Skip to main content

A deep malaise at the heart of the NHS

Readers of this blog will know that I have been very unwell. I have already recounted some of my experiences as an NHS patient. I am slowly recovering and I have had several days now free from pain. In my journey through hospital and after care I found plenty of examples of compassionate and caring medical practice, but caring can break down if stretched to limits through insufficient resources.

This much I found in the care of the district nurses. One night when I was in severe pain I called to get attention. They were very busy covering a whole county but would try to get to me later. They kept me informed as the night progressed and in the early hours of the morning called to say they would be with me soon. Two nurses arrived. They had worked solidly through the night. Nevertheless they came with smiles and comfort. Sadly they couldn't do much to help me. It struck me how little information they had about my history. I was barely on their radar, and they had not the authority to do much to help me. That did not stop me getting a call from them later to find out how I was.

In desperation I contacted my GP. How could weeks have gone by since being discharged from hospital without any contact? All I had been told by the hospital was that I would receive a visit from the district nurse to remove a catheter. That happened two weeks later. By that time I was in considerable pain and infection had taken hold. My GP told me he knew nothing of my history. He had received nothing from the hospital. He had been unaware of my condition. He acted with efficiency and with care. He telephoned a couple of day later to ask how I was and to put me on another course of antibiotics. I had now lived with weeks of pain and painkillers that were slowly losing their effect. I felt isolated, the more so since I discovered I was not on anyone's radar. I only got attention if I called for it, and on each occasion I had to repeat my history because they had not received notes from the hospital.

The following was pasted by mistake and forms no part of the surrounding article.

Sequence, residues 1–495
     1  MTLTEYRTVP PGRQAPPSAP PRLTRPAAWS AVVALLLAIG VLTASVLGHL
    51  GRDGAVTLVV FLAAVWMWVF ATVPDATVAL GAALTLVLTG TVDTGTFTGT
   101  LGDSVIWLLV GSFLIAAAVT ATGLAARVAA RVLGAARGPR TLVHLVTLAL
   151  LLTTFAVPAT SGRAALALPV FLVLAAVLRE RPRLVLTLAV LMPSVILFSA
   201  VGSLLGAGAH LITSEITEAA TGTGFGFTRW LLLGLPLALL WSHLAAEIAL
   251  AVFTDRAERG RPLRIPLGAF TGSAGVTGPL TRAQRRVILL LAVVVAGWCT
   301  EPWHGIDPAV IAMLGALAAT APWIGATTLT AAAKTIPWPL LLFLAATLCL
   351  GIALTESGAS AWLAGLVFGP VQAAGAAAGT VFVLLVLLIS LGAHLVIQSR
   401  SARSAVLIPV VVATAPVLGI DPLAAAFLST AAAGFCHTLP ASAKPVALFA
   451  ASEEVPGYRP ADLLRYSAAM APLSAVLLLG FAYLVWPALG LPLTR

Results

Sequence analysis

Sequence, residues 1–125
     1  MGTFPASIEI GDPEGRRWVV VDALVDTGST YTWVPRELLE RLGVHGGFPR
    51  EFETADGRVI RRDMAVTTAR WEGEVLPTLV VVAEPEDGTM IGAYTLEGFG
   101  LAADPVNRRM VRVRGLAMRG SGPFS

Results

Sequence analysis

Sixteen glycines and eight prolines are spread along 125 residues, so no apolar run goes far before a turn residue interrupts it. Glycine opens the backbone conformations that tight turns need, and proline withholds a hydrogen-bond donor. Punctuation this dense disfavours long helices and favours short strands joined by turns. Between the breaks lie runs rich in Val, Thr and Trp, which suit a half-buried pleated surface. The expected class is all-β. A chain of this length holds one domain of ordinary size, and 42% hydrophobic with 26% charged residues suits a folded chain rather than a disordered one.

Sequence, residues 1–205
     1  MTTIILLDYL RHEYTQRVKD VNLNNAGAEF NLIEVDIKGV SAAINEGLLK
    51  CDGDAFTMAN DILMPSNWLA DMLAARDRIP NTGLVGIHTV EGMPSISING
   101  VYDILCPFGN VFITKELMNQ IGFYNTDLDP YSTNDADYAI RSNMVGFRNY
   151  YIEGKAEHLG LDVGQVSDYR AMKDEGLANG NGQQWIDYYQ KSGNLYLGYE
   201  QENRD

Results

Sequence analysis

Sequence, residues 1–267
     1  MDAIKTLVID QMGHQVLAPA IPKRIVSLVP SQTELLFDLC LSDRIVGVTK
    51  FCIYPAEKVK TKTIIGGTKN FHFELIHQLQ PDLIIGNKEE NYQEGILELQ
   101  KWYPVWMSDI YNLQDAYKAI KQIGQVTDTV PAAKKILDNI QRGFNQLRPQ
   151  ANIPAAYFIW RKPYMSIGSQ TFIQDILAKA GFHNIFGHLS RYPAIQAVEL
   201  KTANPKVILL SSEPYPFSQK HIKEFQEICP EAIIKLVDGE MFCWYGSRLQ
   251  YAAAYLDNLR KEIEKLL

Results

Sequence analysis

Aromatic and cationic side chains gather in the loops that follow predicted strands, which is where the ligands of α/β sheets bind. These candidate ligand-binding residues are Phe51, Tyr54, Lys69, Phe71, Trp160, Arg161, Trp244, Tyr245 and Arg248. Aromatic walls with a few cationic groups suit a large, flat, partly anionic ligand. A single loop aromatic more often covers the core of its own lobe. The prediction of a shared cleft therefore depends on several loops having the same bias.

These problems are not the result of a lack of compassion. They don't stem from inefficiency of staff. It is systemic. There is a deep malaise at the heart of the NHS. It results from underfunding and a reorganisation that has produce chaos and a lack of joined up care. It results in large part from savage cuts that have impacted dramatically on front line care. It will take this government no time at all to destroy the NHS; it will take decades or more to rebuild it.


Comments

Popular posts from this blog

Ian Duncan-Smith says he wants to make those on benefits 'better people'!

By any account, the government's austerity strategy is utilitarian. It justifies its approach by the presumed potential ends. It's objective is to cut the deficit, but it has also adopted another objective which is specifically targeted. It seeks to drive people off benefits and 'back to work'.  The two together are toxic to the poorest in society. Those least able to cope are the most affected by the cuts in benefits and the loss of services. It is the coupling of these two strategic aims that make their policies ethically questionable. For, by combining the two, slashing the value of benefits to make budget savings while also changing the benefits system, the highest burden falls on a specific group, those dependent on benefits. For the greater good of the majority, a minority group, those on benefits, are being sacrificed; sacrificed on the altar of austerity. And they are being sacrificed in part so that others may be spared. Utilitarian ethics considers the ba

The lion and the wildebeest

Birds flock, fish school, bees swarm, but social being is more than simply sticking together.  Social groups enable specialisation and a sharing of abilities, and enhances ability, learning and creating new tricks. The more a group works together, the more effective they become as a team.  Chimpanzees learn from each other how to use stones to crack nuts, or sticks to get termites.  All around us we see cooperation and learning in nature.  Nature is inherently creative.  Pulling together becomes a rallying cry during a crisis.  We have heard it throughout the coronavirus pandemic.  "We are all in this together", a mantra that encourages people to adopt a common strategy. In an era of 'self-interest' and 'survival of the fittest,'  and 'selfish gene', we lose sight of the obvious conclusion from the evidence all around us.   Sticking together is more often the better approach.  This is valid for the lion as it is also for the wildebeest.   We don't

No evidence for vaccine link with autism

Public health bodies are worried that an alarming drop in childhood vaccinations is leading to a resurgence of diseases in childhood that we had all but eradicated.  Misinformation and scare stories about the harmful effects of vaccines abound on the internet and in social media.  Where they are based on 'science', it is highly selective, and often reliance is placed on falsehoods.  Conspiracy theories also abound - cover-ups, deception, lies. As a result, too many parents are shunning vaccinations for their children.  So, what does the published, peer-reviewed literature tell us about vaccincations? Are they safe and effective, or are there long term harmful effects?  A new report now provides some of the answers. New evidence published in the Cochrane Library today finds MMR, MMRV, and MMR+V vaccines are effective and that they are not associated with increased risk of autism. Measles, mumps, rubella, and varicella (also known as chickenpox) are infectious diseases cau